Kestenbaum & Company held its early Summer auction of Fine Judaica on Thursday, June 21st. The auction covered a broad range of collecting categories from Printed Books, Manuscripts and Autograph Letters to Illustrated Books, Graphic Art and Ceremonial Objects. Also featured within the sale was Part III of the Alfonso Cassuto Collection of Iberian Judaica.
The two top selling lots of the auction were featured in the Manuscripts section. Highly sought after was an attractive, 18th century illuminated Passover Hagadah, owned for nearly a century within the family of the famed Jewish artist, Ephraim Moses Lilien (1874-1925). Composed on thick parchment with pen-and-ink and watercolor illustrations, this lovely manuscript realized $46,000 (Lot 261). Secondly, a singular 15th century Yemenite manuscript of Maimonides’ commentary on the Mishnah, also found favor with buyers earning $38,000 (Lot 280).
One of the most important lots of the sale, and featured on the auction catalogue front cover, was the Ferrara Bible, one of the great landmarks in the history of printing and a masterpiece of 16th century book production. Printed in 1553, it is the first Spanish translation of the entire Hebrew Bible printed for Jews who had carried the Spanish language with them into exile. Although this particular copy of the Ferrara Bible was missing several leaves, it fetched $37,000 (Lot 307).
Another Iberian related lot performing very well, was a volume in a Jacques Auguste de Thou binding, from the Cassuto Collection: The first edition of Marrono explorer Pedro Teixeira's travel-book Relaciones de Pedro Teixeira d’el Origen, Descendencia y Succession de los Reyes de Persia, y de Harmuz, Y de un Viage Hecho por el Mismo Autor Dende la India Oriental hasta Italia por Tierra (1610). Estimated at $2,000-3,000 it was finally hammered down at $15,000 (Lot 339).
The Manuscripts section also included Autograph Letters covering topics both religious and secular. An original signed proclamation issued in Jerusalem 1931, which protested the decision of the sports organization Maccabi to schedule soccer matches on the Sabbath, garnered much attention. Seeking to preserve the communal unity of Jews in Palestine, the protest was organized and endorsed by over thirty of the country’s leading intellectuals almost all of whom were not religious themselves. The lot attained $16,000 against a pre-auction estimate of $10,000-12,000 (Lot 262). Also of interest was an historic autograph letter written by Rabbi Moshe Soloveitchik relating to his son’s (Rabbi J. B. Soloveitchik) campaign for appointment as Chief Rabbi of Tel-Aviv, 1935, which sold for $8,500 (Lot 296). Additionally offered in the auction was a range of sumptuous illuminated Marriage Contracts, such as an eye-catching 18th century Roman Ketubah which was bought for $4,800 (Lot 268).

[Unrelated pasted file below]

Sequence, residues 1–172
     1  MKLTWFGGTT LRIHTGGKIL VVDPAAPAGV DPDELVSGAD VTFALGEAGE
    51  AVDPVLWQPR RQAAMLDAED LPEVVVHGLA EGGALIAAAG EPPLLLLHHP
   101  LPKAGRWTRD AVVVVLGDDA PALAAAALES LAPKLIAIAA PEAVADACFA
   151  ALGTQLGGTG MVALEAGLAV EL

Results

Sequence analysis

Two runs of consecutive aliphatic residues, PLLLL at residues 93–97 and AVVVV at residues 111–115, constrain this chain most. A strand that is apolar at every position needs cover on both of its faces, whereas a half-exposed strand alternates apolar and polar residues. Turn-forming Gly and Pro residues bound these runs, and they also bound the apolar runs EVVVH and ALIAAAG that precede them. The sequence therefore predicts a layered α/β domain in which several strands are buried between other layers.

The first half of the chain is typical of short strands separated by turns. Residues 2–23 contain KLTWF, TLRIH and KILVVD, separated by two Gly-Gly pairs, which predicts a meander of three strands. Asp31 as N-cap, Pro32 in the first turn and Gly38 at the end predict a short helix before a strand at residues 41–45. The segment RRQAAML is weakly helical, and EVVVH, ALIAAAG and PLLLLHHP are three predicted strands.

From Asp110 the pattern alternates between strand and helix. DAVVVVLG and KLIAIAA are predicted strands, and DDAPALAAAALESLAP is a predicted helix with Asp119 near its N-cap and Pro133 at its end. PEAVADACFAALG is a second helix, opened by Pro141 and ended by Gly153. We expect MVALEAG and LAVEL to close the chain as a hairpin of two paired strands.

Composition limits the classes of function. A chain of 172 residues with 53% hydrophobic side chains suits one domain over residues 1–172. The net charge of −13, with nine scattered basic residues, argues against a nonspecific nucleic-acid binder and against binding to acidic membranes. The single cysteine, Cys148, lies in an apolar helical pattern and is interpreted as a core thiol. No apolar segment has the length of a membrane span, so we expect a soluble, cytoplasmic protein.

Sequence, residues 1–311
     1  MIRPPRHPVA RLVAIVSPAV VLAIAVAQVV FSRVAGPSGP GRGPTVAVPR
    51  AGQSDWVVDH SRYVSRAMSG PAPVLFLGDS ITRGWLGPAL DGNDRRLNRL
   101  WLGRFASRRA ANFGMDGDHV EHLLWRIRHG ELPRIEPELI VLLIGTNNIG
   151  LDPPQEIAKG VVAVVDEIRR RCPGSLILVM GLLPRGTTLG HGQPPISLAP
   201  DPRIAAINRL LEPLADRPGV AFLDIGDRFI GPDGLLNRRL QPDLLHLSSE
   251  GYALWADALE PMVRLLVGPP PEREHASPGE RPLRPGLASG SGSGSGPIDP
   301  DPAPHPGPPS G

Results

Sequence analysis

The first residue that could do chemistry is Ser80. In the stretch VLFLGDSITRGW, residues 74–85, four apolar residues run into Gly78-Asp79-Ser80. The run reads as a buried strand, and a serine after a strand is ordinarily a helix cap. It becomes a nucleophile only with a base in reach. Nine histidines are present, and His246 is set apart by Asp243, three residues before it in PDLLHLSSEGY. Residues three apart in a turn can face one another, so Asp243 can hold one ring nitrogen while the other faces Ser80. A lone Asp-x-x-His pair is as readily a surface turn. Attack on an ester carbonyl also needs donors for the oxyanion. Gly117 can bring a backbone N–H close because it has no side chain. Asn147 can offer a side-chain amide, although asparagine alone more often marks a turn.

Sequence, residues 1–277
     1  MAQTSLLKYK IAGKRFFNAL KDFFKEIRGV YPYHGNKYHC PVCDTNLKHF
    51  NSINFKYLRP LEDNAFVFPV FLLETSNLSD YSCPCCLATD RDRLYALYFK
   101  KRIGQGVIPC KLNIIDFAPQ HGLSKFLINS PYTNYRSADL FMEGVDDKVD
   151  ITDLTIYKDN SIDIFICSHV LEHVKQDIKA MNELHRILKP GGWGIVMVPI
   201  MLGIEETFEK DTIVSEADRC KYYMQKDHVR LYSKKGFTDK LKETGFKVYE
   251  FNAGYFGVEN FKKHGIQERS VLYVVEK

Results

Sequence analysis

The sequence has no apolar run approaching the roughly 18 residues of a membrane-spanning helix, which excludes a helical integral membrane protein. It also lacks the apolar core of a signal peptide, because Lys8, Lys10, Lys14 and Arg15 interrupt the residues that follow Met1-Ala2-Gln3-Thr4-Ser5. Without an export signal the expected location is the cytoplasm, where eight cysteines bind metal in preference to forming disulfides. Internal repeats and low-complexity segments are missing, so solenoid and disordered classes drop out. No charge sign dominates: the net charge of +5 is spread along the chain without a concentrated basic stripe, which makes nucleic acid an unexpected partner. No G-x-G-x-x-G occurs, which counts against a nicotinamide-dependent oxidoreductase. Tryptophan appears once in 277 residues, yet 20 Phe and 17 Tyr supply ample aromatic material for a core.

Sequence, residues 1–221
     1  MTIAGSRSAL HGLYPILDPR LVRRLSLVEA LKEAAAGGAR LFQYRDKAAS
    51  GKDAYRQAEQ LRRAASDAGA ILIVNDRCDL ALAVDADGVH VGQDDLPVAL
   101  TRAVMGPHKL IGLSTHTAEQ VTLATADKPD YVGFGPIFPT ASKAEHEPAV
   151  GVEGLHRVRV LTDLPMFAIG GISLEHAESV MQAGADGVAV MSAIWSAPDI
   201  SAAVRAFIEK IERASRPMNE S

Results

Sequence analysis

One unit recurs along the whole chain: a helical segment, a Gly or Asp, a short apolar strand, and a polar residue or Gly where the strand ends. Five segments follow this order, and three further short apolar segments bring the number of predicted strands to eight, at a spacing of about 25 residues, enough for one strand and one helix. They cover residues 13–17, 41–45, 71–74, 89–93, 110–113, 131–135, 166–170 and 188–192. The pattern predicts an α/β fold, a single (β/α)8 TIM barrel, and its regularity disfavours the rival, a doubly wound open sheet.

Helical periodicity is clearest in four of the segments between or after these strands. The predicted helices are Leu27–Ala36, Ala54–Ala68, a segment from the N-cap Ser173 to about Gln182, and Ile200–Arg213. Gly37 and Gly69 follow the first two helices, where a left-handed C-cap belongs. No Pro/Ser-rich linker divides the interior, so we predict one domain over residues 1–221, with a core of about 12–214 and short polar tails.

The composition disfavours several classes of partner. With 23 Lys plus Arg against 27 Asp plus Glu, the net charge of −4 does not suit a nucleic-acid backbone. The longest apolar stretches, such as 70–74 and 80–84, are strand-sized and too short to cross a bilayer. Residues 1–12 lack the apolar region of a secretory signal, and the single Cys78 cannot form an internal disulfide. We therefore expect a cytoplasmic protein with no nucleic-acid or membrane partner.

Within the Bible section, a rare Venetian edition printed by Daniel Bomberg in 1528-33, was popular with bidders, realizing $14,000 against an estimate of $8,000-10,000 (Lot 67) and a scarce Sepher Tehilim with commentaries by R. David Kimchi, printed in Solonika in 1522, and although incomplete, it sold for $6,000 (Lot 59).
Among the general section of printed books were noteworthy early texts such as the very first edition, in any language, of the Kabbalistic work, Sepher Yetzirah, Paris, 1552, which yielded $8,000 (Lot 213) and Benedictus Arias Montanus’ Tractatuum Biblicorum…which includes the rare map of the world captioned in Hebrew, Frankfurt am Main, 1696, which realized $6,000 (Lot 195). Also of importance was a complete set of the first edition of Moses Mendelssohn’s monumental Bible translation, Berlin, 1783, which reached $19,000 against an estimate of $8,000-10,000 (Lot 194).
American Judaica highlights included the first Aschkenazi Festival Prayer Books to have been printed in America, New York, 1854, which was purchased for $14,000 (Lot 20), and an autograph letter signed by Rev. Isaac Leeser, written in July, 1840 to Joseph M. Asch of Philadelphia concerning the campaign Leeser waged for the vacant position as Rabbi, reached $4,000 (Lot 250).
A Holocaust related lot of note was Hans Severus Ziegler’s Entartete Musik: Eine Abrechnung, in which the author supports the Nazi held view of “degenerate music”, that is, primarily anything composed by Jewish musicians, Dusseldorf, 1938, sold for $5,000 (Lot 145).
Graphic Art standouts included two works by Shalom Moskowitz of Safed: Kabbalists of Tzfat, which sold for $3,200 (Lot 364) and Sacrifice of Isaac which earned $3,400 (Lot 365); Eliahu Adler’s painting, Jerusalem Marketplace, 1967, which attained $2,500 (Lot 344); and J. Edelmann’s painting, Morning-Prayers, Vienna, 1930, which brought in $3,000 (Lot 346).
Rounding out the sale within the section of Ceremonial Objects, a unique 19th century Ukranian painted porcelain Chanukah Lamp earned $4,500 (Lot 382), a highly attractive Bezalel silver Chanukah Lamp, reached $4,250 (Lot 384) and an ingenious American Synagogue Sabbath Charity Device realized $2,100 (Lot 419).
The next auction of Fine Judaica, featuring Printed Books, Manuscripts and Autograph Letters to Illustrated Books, Graphic Art and Ceremonial Objects will be held in Fall 2012.
For further information, please contact Jackie Insel at 212-366-1197.